Brief Report|Articles in Press

Prevalence, Correlates, and Psychiatric Burden of Prolonged Grief Disorder in U.S. Military Veterans: Results From a Nationally Representative Study

Published:February 13, 2023DOI:


      • What is the primary question addressed by this study?
        This study examined the population-based prevalence and correlates of prolonged grief disorder (PGD) in U.S. veterans.
      • What is the main finding of this study?
        In this nationally representative study of 2,441 veterans, 158 (weighted 7.3%) screened positive for PGD. Adverse childhood experiences, female sex, non-natural causes of death, knowing someone who died from coronavirus disease 2019, and number of losses were strongly associated with PGD. Veterans with PGD were significantly more likely to screen positive for posttraumatic stress, major depressive, and generalized anxiety disorders; endorse suicidal thoughts and attempts; and utilize mental health treatment.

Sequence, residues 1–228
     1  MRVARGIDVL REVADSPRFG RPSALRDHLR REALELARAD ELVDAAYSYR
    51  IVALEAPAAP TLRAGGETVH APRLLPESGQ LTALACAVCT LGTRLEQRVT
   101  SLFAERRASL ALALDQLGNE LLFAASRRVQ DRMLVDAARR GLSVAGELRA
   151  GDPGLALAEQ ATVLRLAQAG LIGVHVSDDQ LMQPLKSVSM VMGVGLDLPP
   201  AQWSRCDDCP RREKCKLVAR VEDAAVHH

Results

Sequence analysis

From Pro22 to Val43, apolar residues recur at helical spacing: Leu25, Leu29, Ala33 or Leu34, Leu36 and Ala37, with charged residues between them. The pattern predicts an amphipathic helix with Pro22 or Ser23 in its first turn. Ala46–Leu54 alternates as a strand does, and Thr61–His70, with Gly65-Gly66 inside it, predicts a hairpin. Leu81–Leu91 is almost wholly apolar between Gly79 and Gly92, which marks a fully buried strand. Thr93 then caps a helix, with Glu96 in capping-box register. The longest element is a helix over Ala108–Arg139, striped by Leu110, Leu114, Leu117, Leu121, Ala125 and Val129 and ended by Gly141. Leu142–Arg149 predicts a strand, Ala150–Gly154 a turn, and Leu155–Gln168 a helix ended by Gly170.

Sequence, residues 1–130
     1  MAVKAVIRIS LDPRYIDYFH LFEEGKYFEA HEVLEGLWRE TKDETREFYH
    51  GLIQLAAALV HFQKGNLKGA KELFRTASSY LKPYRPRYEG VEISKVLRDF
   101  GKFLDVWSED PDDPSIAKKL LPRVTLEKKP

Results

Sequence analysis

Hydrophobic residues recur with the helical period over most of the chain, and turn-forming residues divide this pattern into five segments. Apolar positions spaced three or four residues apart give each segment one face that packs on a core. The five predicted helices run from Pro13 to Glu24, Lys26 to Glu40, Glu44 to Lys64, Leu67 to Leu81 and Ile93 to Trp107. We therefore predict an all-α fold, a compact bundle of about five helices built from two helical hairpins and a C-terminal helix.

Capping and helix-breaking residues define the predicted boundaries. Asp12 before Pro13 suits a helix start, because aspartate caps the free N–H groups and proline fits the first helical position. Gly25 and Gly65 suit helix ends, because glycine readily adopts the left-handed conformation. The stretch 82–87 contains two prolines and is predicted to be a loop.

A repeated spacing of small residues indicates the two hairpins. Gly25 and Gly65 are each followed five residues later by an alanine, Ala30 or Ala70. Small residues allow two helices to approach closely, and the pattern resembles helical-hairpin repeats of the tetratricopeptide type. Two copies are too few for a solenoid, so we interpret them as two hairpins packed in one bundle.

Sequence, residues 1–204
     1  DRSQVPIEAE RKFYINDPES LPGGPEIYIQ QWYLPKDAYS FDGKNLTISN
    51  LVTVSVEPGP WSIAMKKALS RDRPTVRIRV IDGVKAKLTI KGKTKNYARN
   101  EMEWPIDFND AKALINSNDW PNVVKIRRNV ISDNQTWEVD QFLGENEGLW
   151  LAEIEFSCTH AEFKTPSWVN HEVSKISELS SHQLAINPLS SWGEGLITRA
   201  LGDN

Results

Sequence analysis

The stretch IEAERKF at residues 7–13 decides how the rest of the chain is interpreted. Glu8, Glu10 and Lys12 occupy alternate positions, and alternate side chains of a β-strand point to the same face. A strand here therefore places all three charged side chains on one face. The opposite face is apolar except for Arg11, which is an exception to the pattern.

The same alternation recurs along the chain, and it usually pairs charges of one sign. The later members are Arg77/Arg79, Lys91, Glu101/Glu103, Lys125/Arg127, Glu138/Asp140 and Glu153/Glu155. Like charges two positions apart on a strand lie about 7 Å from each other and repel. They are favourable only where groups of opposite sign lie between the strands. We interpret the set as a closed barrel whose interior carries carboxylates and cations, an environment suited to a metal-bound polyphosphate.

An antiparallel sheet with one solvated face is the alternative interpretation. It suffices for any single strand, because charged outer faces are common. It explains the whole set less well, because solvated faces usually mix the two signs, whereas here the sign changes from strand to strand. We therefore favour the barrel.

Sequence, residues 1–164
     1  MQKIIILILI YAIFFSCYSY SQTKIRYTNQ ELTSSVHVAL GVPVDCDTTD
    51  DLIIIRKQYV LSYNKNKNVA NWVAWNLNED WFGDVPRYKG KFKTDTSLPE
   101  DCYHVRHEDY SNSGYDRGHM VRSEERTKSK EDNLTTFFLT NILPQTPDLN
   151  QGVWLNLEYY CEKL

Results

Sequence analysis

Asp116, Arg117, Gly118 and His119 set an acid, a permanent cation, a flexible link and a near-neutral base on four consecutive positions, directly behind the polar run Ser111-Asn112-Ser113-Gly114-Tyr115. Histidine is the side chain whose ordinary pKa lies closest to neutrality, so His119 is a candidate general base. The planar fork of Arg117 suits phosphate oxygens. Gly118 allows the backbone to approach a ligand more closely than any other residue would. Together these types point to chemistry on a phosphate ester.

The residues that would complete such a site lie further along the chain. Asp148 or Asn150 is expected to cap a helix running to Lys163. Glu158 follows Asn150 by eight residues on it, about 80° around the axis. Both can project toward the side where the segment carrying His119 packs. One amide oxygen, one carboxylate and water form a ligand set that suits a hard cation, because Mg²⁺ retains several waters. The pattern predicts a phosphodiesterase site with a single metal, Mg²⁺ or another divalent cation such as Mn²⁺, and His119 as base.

• What is the meaning of the finding?
        PGD is prevalent in veterans, and associated with increased psychiatric burden and suicide risk.



      To examine the point prevalence and correlates of prolonged grief disorder (PGD) in a nationally-representative sample of United States (U.S.) veterans.


      Data were analyzed from the National Health and Resilience in Veterans Study, a nationally representative study of 2,441 U.S. veterans.


      A total of 158 (weighted 7.3%) veterans screened positive for PGD. The strongest correlates of PGD were adverse childhood experiences, female sex, non-natural causes of death, knowing someone who died from coronavirus disease 2019, and number of close losses. After adjusting for sociodemographic, military, and trauma variables, veterans with PGD were 5-to-9 times more likely to screen positive for post-traumatic stress disorder, major depressive disorder, and generalized anxiety disorder. After additional adjustment for current psychiatric and substance use disorders, they were 2–3 times more likely to endorse suicidal thoughts and behaviors.


      Results underscore the importance of targeting PGD as an independent risk factor for psychiatric disorders and suicide risk.

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